Persons, situations, and the control of social behavior

Mark Snyder, Thomas C. Monson

Research output: Contribution to journalArticlepeer-review

164 Scopus citations


2 studies investigated differences in the situational control of behavior as a result of variation in attentiveness to situational and interpersonal guides to social appropriateness. In Study 1, 28 male and 28 female undergraduates participated in a group discussion that made salient either of 2 reference groups. The effects of this manipulation on social conformity were examined as a function of self-monitoring and neuroticism measures. Social conformity of high self-monitoring and low neuroticism Ss differed reliably between discussion contexts. Low self-monitoring and high neuroticism Ss were unaffected by discussion context. In Study 2 with 90 male undergraduates, raters judged their generosity, honesty, and hostility in 9 relevant situations. A variance measure of perceived situational variability indicated that high self-monitoring Ss reported more situational variability than did low self-monitoring Ss. Implications for the interaction of situational and dispositional determinants of behavior are discussed. (25 ref) (PsycINFO Database Record (c) 2006 APA, all rights reserved).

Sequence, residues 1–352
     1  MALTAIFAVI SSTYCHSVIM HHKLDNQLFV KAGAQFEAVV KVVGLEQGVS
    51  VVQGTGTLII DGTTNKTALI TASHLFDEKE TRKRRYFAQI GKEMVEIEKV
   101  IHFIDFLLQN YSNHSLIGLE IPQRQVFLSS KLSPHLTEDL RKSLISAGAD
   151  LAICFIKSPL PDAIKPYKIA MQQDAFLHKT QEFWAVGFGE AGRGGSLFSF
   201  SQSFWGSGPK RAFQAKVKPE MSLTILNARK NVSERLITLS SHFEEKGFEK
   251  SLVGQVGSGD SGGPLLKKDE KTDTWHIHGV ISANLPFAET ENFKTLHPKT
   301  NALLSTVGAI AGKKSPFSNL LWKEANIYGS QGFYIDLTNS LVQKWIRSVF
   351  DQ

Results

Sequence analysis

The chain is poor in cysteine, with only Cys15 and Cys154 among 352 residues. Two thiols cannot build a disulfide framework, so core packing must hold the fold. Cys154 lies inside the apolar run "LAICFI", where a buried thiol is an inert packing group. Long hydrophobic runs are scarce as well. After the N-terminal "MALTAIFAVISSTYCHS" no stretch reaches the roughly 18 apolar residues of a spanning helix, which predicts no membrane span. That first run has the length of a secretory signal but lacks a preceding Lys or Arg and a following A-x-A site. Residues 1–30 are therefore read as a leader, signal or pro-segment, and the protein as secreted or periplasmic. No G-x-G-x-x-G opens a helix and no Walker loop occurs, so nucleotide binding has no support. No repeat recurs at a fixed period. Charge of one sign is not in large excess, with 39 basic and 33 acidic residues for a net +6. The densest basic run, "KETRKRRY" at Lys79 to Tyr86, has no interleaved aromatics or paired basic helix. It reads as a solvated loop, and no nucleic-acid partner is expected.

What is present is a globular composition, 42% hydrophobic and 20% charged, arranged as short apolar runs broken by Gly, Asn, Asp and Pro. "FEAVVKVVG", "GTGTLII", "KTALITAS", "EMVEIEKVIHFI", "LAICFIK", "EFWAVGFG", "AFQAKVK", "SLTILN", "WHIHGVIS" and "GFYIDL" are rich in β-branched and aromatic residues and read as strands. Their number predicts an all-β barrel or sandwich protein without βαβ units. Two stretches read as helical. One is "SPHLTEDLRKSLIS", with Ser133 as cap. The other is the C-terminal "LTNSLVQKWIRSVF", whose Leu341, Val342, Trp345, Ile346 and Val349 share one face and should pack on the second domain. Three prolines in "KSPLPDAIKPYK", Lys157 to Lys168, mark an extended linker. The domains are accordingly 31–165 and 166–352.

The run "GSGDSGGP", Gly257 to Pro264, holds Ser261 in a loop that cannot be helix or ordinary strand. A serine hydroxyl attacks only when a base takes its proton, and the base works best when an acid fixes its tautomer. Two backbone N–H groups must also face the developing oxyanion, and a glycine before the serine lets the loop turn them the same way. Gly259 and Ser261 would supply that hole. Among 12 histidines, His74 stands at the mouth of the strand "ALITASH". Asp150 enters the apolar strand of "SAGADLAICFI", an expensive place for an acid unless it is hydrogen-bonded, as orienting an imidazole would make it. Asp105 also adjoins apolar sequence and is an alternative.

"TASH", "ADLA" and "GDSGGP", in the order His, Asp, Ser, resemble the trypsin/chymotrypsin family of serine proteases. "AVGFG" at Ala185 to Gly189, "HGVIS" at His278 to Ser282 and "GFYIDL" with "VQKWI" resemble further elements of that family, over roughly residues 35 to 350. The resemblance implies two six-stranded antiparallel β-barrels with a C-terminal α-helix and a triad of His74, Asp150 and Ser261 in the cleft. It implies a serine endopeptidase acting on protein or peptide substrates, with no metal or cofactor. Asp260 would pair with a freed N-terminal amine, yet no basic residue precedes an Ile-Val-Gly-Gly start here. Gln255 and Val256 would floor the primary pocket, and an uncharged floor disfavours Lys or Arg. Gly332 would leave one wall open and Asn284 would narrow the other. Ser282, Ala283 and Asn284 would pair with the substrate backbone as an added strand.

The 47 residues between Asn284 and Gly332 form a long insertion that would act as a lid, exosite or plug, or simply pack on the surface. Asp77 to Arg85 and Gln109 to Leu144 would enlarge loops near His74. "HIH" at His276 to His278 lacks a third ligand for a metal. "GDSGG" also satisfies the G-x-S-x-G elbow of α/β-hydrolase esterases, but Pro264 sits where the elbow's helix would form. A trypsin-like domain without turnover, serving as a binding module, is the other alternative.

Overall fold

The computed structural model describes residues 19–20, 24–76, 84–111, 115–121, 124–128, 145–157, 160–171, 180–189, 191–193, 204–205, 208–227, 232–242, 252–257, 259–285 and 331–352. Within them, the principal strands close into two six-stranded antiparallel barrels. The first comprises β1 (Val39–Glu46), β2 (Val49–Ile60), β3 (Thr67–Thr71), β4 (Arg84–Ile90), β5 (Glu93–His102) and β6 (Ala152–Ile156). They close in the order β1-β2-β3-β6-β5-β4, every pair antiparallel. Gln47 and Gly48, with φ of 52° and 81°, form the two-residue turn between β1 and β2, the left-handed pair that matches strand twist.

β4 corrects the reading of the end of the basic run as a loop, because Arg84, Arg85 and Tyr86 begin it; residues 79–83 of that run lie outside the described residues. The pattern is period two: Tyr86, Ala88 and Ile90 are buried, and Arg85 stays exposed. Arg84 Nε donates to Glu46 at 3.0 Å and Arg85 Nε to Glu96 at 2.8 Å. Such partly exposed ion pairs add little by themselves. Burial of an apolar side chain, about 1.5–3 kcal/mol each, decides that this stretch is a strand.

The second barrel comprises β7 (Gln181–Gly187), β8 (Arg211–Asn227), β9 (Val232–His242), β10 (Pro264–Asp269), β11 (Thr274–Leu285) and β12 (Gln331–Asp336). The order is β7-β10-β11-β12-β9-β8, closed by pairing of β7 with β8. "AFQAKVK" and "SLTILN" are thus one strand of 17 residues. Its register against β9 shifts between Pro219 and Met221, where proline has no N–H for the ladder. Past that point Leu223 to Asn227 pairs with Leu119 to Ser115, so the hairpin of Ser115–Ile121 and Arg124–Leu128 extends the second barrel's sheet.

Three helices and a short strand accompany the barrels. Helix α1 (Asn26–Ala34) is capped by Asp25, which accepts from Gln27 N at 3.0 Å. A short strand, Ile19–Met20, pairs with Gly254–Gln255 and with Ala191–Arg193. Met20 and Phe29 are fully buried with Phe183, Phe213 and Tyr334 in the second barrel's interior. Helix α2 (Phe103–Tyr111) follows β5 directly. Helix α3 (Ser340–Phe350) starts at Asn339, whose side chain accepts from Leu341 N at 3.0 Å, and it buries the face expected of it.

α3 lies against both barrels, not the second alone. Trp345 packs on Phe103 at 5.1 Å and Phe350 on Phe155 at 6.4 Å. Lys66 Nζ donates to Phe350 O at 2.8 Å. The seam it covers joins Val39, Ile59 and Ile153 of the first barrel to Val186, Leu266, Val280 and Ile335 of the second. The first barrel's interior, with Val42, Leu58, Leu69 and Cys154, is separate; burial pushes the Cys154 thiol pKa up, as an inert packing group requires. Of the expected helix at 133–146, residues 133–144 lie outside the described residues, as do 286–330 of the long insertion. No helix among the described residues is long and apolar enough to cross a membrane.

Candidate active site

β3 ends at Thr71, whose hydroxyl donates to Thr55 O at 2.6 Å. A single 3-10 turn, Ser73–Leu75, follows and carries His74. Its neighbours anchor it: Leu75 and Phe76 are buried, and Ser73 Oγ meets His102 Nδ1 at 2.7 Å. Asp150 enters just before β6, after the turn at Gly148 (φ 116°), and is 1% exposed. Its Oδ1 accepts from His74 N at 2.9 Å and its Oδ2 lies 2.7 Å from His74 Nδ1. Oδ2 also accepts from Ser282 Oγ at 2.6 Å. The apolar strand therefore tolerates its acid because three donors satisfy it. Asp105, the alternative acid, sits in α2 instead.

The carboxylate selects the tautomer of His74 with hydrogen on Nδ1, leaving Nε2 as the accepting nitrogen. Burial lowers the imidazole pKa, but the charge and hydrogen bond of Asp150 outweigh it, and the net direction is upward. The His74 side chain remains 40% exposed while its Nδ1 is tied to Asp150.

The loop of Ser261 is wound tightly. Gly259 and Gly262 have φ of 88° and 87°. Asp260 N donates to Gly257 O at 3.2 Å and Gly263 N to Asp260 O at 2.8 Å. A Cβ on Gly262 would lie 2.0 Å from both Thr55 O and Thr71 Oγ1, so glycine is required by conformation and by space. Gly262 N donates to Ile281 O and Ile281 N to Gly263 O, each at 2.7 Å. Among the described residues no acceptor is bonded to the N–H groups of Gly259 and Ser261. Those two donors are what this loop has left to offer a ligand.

Original languageEnglish (US)
Pages (from-to)637-644
Number of pages8
JournalJournal of personality and social psychology
Issue number4
StatePublished - Oct 1 1975


  • attentiveness to situational &
  • interpersonal guides to social appropriateness, situational control of behavior, college students


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